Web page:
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Obesity Surgery

, Volume 27, Issue 2, pp 295–302 | Cite as

Alterations of Gut Microbiota After Roux-en-Y Gastric Bypass and Sleeve Gastrectomy in Sprague-Dawley Rats

  • Yikai Shao
  • Rui Ding
  • Bo Xu
  • Rong Hua
  • Qiwei Shen
  • Kai He
  • Qiyuan YaoEmail author
Original Contributions

Abstract

Background

The objective of the study was to compare gut microbiota post Roux-en-Y gastric bypass (RYGB) and sleeve gastrectomy (SG).

Methods

Sprague-Dawley rats were randomized to RYGB, SG, or sham surgery. Body weight was measured. Fecal samples were collected before and 1, 3, 6, and 9 weeks postoperatively. Fecal microbiota was profiled by 16S ribosomal DNA gene sequencing and analyzed using Quantitative Insights into Microbial Ecology (QIIME) to determine the α and β diversities of gut microbiota.

Results

The body weight of the RYGB and SG group was significantly lower than that of the sham group. Unweighted UniFrac-based principal coordinate analysis of 5,323,091 sequences from 85 fecal samples from 17 rats revealed a distinct cluster of gut microbiota post RYGB from SG and sham surgery. The percentage of Proteobacteria in the SG and sham group remained markedly lower than that of the RYGB group from 3 weeks postoperatively, while the proportion of Gammaproteobacteria in the RYGB group was significantly higher than that of the SG group and the sham group from 3 weeks postoperatively. Furthermore, the RYGB group was postoperatively enriched for Gammaproteobacteria and Bacteroidaceae, whereas the SG group was postoperatively enriched for Desulfovibrionaceae and Cyanobacteria. Compared to the pre-operative parameters, the RYGB group had a persistent increase in the relative abundance of Gammaproteobacteria and a decrease in the Shannon index, while the SG group only transiently exhibited these changes within the first week after surgery. The relative abundance of Gammaproteobacteria was negatively correlated, whereas the Shannon index was positively correlated with weight after surgery.

Conclusions

RYGB, but not SG, alters the gut microbiota of Sprague-Dawley rats. RYGB also reduces the diversity of gut microbiota. Furthermore, the abundance of Gammaproteobacteria negatively correlates with postoperative body weight and may be one of the potential contributors to stable weight loss after bariatric surgery.

Keywords

Bariatric surgery Gut microbiota Roux-en-Y gastric bypass Sleeve gastrectomy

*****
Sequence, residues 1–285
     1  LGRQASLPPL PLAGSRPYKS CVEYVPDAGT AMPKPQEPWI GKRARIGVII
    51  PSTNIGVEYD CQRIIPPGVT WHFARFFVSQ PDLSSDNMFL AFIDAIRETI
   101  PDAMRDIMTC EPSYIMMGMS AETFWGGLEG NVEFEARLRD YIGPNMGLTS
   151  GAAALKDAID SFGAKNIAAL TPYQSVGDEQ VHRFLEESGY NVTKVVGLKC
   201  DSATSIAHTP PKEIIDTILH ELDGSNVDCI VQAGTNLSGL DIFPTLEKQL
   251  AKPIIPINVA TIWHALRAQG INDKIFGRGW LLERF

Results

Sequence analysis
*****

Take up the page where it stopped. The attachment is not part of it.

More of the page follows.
Notes

Compliance with Ethical Standards

The study protocol was approved by the local institutional review board at the authors’ affiliated institution, and animal study was carried out in accordance with the established institutional and state guideline regarding use of experimental animals.

Conflict of Interest

The authors declare that they have no conflict of interest.

Ethical Approval

All applicable institutional and/or national guidelines for the care and use of animals were followed. This study was performed according to the recommendations of the Guide for the Care and Use of Laboratory Animals of the Ministry of Health, China.

Supplementary material

11695_2016_2297_MOESM1_ESM.jpg (94 kb)
Supplementary Fig. 1 Surgical procedure for sleeve gastrectomy. After dissection of the gastro-hepatic and gastro-splenic ligaments and ligation of the vessels of the greater curvature, the stomach is closed using a vascular clamp from 3 to 5 mm proximal to the pylorus to the lower cardiac incisures. The entire fundus and body of the greater curvature are then incised along the outside of the vascular clamps. The gastric remnant is closed using continuous 6-0 Maxon sutures. GF: the fundus; GC: the body; G: the stomach; E: the esophagus; D: the duodenum. (JPEG 94 kb)
11695_2016_2297_Fig5_ESM.gif (26 kb)
Supplementary Fig. 2

PC1 of Unweighted UniFrac analysis in SG, RYGB and sham groups. Values are expressed as mean ± SEM. PC1: first principal coordinate, percent variation explained 17.69%, based on Unweighted UniFrac analysis. (GIF 26 kb)

11695_2016_2297_MOESM2_ESM.tif (2.2 mb)
High Resolution Image (TIFF 2245 kb)

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Copyright information

© Springer Science+Business Media New York 2016

Authors and Affiliations

  • Yikai Shao
    • 1
  • Rui Ding
    • 1
  • Bo Xu
    • 1
  • Rong Hua
    • 1
  • Qiwei Shen
    • 1
  • Kai He
    • 1
  • Qiyuan Yao
    • 1
    Email author
  1. 1.Center for Obesity and Metabolic SurgeryHuashan Hospital of Fudan UniversityShanghaiChina

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